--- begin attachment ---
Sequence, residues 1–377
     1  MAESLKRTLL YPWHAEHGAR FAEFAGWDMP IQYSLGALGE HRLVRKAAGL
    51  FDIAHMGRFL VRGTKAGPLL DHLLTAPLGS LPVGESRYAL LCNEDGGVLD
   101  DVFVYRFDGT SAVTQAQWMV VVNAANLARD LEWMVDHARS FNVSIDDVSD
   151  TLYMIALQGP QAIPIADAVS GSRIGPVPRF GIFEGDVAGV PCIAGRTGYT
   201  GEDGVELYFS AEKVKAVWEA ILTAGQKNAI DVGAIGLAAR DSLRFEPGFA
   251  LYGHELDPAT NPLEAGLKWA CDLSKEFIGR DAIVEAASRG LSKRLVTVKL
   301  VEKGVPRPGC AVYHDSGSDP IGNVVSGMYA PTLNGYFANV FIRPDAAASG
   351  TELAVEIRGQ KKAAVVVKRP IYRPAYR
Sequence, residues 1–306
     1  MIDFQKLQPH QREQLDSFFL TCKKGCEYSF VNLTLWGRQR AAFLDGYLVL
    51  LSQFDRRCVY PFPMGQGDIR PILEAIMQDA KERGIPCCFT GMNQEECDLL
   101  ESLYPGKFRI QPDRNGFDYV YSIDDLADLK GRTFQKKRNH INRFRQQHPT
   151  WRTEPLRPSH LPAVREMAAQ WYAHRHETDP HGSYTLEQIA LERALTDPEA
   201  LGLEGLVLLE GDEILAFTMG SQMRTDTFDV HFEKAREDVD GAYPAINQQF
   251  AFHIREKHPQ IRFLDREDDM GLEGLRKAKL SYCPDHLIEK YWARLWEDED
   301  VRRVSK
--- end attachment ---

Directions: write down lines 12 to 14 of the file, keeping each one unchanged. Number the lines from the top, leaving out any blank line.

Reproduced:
    51  LSQFDRRCVY PFPMGQGDIR PILEAIMQDA KERGIPCCFT GMNQEECDLL
   101  ESLYPGKFRI QPDRNGFDYV YSIDDLADLK GRTFQKKRNH INRFRQQHPT
   151  WRTEPLRPSH LPAVREMAAQ WYAHRHETDP HGSYTLEQIA LERALTDPEA